The release of Brockhampton‘s upcoming album ‘Roadrunner: New Light, New Machine’ later this week is bittersweet. While we’ll be treated to two albums from the innovative hip-hop collective this year, last week Kevin Abstract revealed on Twitter that they’ll be the group’s last.
This week we’ve selected ‘BUZZCUT’, the blistering lead single from the upcoming record, for the NME Radio playlist. A high-octane track that fuses crisp beats with slick vocals – including a guest verse from Danny Brown – it’s an exciting taste of what’s to come.
Here are all this week’s additions to the NME 1 & 2 playlists:
On the A List
‘BUZZCUT (feat. Danny Brown)’
A new Brockhampton era is finally upon us. The first single off the hip-hop collective’s upcoming album, ‘Roadrunner: New Light, New Machine’, is a hypnotising preview of their new music. “Who let the dope boys out?” Kevin Abstract wonders aloud at the start of ‘Buzzcut’, before guest star Danny Brown jumps in with a scathing verse to brag he’s “a veteran with medicine pen”. It’s an exciting glimpse of the group’s upcoming record – which Abstract has teased will be their penultimate release as Brockhampton.
On the B List
‘It’s Not My Fault’
Princess Nokia’s latest single is an unapologetically confident belter. ‘It’s Not My Fault’ was directly inspired by OnlyFans, and sees the New York rapper flexing over a minimal yet menacing beat, courtesy of frequent collaborator Powers Pleasant. With its self-assured lyrics and bouncing hooks, it’s absolutely huge.
Bree Runway‘s latest single is another stone-cold smasher. On ‘Hot Hot’ the NME 100 alumni samples Busta Rhymes’ 2005 single ‘Touch It’, fusing the early ’00s R&B with flawless pop vocals and glossy production. “I feel like this is the song everyone needs to hear as it gets hotter and the world eases up,” Bree explained in a press statement. “This pandemic hasn’t been easy on the brain, and with being indoors wearing joggers 24/7, it’s been hard to feel like a hottie, so I’m hoping this track will help!”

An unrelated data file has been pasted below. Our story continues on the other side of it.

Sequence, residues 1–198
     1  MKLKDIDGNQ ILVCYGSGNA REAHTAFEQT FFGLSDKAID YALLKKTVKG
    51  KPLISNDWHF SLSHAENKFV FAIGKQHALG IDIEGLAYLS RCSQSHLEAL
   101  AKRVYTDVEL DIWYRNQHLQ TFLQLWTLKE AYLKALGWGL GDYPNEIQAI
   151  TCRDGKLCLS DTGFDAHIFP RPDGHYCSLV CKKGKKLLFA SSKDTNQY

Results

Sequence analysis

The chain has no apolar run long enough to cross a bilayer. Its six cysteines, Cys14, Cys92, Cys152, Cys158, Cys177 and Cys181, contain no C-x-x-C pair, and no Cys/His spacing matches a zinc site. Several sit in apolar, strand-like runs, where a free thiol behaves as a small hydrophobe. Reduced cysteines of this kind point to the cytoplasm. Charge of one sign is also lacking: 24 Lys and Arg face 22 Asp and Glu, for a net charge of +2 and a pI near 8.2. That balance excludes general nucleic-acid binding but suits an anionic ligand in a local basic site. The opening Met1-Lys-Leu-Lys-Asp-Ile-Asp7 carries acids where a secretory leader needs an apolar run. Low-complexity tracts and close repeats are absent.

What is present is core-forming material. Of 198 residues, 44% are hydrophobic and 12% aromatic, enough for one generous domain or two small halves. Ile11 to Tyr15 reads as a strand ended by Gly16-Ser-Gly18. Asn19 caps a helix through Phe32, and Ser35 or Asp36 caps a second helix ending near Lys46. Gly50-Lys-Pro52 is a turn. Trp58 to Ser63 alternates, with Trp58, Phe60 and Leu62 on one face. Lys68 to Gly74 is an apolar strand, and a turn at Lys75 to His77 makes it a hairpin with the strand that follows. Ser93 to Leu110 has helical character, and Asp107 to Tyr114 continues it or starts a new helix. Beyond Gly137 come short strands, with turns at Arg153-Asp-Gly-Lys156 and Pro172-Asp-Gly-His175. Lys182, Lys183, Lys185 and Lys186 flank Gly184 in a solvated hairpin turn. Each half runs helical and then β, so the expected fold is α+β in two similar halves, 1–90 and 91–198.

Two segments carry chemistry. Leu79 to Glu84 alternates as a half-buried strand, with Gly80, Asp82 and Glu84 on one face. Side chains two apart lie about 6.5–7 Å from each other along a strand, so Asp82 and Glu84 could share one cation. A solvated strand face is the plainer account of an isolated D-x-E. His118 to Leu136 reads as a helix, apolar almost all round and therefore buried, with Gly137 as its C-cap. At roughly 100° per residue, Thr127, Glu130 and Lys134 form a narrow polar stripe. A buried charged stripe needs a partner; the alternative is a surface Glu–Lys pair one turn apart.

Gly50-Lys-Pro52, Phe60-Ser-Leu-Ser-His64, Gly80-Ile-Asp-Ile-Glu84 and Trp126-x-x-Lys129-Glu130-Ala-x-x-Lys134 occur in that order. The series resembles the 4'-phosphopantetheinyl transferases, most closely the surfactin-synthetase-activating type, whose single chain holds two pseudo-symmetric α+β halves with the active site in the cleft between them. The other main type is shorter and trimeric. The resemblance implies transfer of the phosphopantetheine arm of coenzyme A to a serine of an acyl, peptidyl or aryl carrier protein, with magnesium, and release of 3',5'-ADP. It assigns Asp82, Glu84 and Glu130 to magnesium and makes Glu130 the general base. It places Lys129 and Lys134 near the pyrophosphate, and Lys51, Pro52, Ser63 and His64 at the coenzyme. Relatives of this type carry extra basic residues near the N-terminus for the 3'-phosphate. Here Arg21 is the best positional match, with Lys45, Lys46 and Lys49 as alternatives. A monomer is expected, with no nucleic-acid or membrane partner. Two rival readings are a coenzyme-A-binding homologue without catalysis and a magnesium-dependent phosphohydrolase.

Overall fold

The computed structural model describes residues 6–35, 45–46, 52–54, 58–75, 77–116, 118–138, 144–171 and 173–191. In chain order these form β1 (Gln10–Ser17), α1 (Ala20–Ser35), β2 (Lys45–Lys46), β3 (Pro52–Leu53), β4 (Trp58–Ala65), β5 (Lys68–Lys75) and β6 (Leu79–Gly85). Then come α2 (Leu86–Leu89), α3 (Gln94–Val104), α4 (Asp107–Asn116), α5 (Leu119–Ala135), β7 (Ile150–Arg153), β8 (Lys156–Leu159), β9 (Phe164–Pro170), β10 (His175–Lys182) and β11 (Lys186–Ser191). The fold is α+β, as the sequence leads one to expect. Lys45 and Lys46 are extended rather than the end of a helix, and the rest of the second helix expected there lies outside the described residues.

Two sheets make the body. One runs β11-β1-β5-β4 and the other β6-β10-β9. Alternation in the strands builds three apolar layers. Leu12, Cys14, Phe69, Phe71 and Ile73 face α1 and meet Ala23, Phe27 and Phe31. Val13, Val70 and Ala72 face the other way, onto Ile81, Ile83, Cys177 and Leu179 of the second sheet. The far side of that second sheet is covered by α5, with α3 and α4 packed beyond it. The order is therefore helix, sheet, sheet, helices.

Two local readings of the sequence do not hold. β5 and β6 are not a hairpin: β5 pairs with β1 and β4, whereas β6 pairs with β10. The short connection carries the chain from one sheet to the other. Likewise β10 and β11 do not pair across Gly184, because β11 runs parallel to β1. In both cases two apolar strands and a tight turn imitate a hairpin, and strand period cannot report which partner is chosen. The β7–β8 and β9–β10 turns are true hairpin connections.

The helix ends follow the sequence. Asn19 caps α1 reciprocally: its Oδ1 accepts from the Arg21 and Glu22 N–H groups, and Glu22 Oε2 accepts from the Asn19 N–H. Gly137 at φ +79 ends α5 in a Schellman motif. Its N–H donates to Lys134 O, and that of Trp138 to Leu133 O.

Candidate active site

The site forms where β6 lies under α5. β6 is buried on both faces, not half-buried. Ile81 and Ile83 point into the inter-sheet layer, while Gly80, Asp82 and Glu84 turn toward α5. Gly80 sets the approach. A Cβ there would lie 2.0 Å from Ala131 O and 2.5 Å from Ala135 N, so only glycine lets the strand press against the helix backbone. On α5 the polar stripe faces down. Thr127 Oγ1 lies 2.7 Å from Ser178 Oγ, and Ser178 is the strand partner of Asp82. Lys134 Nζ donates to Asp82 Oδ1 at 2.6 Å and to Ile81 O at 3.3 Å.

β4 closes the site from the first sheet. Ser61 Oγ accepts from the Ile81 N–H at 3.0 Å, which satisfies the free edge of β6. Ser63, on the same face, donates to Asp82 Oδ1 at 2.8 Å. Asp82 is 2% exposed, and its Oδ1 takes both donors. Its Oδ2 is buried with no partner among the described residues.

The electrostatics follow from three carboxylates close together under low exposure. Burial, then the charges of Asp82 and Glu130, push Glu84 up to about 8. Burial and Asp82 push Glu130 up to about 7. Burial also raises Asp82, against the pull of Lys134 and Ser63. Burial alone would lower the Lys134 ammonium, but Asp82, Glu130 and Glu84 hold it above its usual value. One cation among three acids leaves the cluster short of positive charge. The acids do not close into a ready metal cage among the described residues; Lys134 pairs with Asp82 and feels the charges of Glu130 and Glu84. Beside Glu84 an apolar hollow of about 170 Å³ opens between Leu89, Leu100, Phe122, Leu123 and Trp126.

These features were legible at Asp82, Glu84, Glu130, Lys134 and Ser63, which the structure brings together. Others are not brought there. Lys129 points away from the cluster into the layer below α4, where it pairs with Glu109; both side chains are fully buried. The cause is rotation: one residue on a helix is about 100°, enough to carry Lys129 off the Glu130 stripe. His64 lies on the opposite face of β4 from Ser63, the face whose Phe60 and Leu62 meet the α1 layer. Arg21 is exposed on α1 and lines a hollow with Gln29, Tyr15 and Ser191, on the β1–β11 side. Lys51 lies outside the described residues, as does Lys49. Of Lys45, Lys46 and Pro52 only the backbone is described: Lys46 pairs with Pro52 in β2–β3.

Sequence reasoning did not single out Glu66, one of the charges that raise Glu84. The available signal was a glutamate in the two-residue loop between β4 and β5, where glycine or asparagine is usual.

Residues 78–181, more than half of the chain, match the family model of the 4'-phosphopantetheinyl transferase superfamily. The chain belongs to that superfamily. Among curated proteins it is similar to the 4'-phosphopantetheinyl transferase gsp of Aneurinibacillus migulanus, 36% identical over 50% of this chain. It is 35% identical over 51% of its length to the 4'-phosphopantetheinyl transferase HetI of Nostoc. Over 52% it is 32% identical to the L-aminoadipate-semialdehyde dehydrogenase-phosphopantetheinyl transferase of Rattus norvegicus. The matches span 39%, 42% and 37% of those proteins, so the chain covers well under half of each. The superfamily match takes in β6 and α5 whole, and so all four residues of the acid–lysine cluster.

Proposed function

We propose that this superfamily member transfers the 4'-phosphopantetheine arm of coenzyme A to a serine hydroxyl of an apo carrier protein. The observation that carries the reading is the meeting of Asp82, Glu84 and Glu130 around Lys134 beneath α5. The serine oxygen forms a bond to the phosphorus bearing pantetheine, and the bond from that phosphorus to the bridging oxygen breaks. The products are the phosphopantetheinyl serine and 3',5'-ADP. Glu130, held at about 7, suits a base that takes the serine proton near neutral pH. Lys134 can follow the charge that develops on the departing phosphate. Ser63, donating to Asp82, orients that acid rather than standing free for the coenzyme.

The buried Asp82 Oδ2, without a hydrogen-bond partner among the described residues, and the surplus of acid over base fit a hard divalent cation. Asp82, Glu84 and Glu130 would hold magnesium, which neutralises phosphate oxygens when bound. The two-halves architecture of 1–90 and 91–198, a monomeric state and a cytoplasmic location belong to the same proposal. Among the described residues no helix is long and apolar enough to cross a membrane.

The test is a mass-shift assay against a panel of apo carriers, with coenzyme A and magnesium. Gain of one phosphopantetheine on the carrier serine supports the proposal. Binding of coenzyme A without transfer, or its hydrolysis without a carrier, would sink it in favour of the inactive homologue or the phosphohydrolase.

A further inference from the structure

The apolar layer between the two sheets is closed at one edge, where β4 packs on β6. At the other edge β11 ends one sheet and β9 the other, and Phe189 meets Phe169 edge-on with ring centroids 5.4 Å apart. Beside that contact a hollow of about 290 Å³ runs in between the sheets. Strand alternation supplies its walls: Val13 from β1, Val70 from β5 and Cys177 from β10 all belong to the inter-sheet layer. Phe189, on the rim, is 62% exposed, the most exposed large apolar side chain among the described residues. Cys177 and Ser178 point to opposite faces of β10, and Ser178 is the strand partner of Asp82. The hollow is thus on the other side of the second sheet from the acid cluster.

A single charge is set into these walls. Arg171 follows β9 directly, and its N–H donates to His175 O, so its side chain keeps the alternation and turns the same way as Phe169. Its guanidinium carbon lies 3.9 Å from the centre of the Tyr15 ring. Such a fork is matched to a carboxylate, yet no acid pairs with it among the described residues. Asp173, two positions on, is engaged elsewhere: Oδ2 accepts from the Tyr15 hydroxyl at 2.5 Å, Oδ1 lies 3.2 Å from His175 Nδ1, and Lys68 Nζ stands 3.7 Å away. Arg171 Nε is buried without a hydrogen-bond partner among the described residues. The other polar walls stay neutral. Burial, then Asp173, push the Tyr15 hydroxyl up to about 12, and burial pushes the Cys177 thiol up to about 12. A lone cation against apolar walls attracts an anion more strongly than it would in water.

Working Men’s Club
Thumping drums announce the next phase of Working Men’s Club with new single ‘X’. The first new music from them since their stellar debut album last year, it leans into the Northerners’ capacity for rock-led rhythms, fusing abrasive guitars and loud-speaker vocals with floor-filling sensibilities. – Adam Goldsmith
‘I Eat Boys’
Chloe Moriondo hides a twisted story about a murderous succubus behind bright pop-punk production on her new song ‘I Eat Boys’. “I wrote that song as a way to vent my hatred for the percentage of the male population that is terrible,” she’s explained of the breezy tune. Taken from her upcoming album ‘Blood Bunny’, the carnivorous tune is the cannibalistic anthem we didn’t know we needed.
On the C List
For Those I Love
‘The Shape Of You’
Dublin producer and songwriter For Those I Love released his stunning, self-titled debut album to critical acclaim last month. Opening with a recorded telephone call – “Jesus man, please, please take care of yourself” – ‘The Shape Of You’ is a rallying call to push through difficult circumstances. – Adam Goldsmith
Glasgow post-punks Kaputt fight anti-immigrant rhetoric on ‘Movement Now’. “This display of isolationism and pure racism is no new thing of course, but it appeared to me more barefaced and galvanising more support than I had ever experienced it in my own lifetime,” vocalist Cal Donnelly said of the unrelenting new single in a statement.
“It was a topic that was plaguing the headlines as Tories attempted to explain why ‘more’ is beneficial with regards to hard borders and ‘less’ is better when it comes to being able to aid those seeking refuge from conflict,” the singer added. “Conflict we have, more often than not, either started or are directly involved in.”
‘Comfort Me (feat. Emma-Jean Thackray)’
Peckham-born MC Pinty dives headfirst into house music with ‘Comfort Me’, which – as its title already implies – is a cry for help during tumultuous times. “Can you hear me?” Pinty whispers, “can you come on down and comfort me?” Featuring Emma-Jean Thackray, the soothing, jazz-laced tune was written while Pinty underwent therapy. “I lost three friends in the last year,” he explained in a statement. “These lyrics are about me summoning my omens and calling out for some nurture, desperately in need of some comfort.”
The Aussie psych-rockers have announced their return with their first new track since their 2019 album ‘Tasmania’. Running close to six minutes long, ‘Pink Lunettes’ is a high-energy cut that features all the hallmarks of a Pond classic, but with a futuristic twist.